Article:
The other question to which Lord Noel-Buxton called my attention was the Macedonian minority in Yugo-Slavia. I cannot say much about that at the present time. I believe that Yugo-Slavia declares that there is no minority and that this so-called minority does not differ either in race or any other particular, although they speak not a different language but a different dialect from that which they use themselves.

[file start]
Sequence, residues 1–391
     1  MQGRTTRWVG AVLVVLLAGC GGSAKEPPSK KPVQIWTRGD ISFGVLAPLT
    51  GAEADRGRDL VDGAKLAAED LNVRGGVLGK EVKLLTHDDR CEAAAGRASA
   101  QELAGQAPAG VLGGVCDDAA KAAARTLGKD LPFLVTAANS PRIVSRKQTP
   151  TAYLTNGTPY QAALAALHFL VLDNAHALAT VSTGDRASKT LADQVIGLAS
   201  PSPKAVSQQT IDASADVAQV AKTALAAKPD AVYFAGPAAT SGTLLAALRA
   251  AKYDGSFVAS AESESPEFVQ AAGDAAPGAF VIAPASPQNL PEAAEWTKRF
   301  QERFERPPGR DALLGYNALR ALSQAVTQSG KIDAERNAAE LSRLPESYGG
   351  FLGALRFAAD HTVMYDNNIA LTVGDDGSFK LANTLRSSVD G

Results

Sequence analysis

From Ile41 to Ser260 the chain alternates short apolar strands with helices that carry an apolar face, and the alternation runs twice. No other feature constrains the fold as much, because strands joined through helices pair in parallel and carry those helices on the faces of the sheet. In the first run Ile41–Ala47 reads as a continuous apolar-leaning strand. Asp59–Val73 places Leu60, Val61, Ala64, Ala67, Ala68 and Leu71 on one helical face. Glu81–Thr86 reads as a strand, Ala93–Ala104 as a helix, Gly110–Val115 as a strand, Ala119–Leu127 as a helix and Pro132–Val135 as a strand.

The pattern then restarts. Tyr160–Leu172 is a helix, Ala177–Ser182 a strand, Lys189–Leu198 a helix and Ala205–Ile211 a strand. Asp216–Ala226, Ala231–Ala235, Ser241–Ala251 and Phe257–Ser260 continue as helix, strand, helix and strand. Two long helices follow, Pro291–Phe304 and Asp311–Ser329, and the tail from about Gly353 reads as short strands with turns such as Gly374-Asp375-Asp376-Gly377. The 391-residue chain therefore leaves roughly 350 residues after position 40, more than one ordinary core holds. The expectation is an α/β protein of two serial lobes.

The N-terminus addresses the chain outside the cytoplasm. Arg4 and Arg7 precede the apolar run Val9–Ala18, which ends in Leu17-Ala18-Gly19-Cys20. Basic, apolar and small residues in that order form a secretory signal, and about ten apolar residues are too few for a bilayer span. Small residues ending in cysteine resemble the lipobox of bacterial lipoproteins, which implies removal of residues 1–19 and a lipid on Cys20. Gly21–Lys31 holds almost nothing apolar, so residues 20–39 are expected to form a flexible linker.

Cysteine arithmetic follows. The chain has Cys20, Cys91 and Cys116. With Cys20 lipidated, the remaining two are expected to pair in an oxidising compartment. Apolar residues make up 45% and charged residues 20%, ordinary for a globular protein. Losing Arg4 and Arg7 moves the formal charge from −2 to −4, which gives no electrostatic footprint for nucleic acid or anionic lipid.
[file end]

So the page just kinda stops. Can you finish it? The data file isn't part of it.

I do not know that I can say more than I have already stated, but I should like to make it quite clear that I agree with both the previous speakers as to the extreme importance of dealing with these matters in a way which, without encouraging complaints, yet leaves the complainants with a feeling that their complaints, whatever they are, have been dealt with in a right and just manner. It is an exceedingly difficult problem which has to be dealt with with great tact and ability. A number of these matters have already been settled, as the noble Viscount has already told us, and I sincerely hope that these other matters, or at any rate all the more important ones, will be settled satisfactorily to the parties concerned. We all know that the great purpose of the League is to encourage peace and cooperation and co-ordination in international life, and the noble Viscount himself knows what the difficulties are in the great question of disarmament and other questions of that kind with which he has been so intimately concerned. Let us try to introduce into this question of minorities the principles of justice, adopt the method of publicity and not privacy, follow a careful procedure by which both parties can have an adequate hearing, and in cases where it is suitable resort to the Court at The Hague. I think I have dealt with the matters about which the noble Lord asked me and have given him all the information I have, and I thank him and the noble Viscount for the speeches they have made.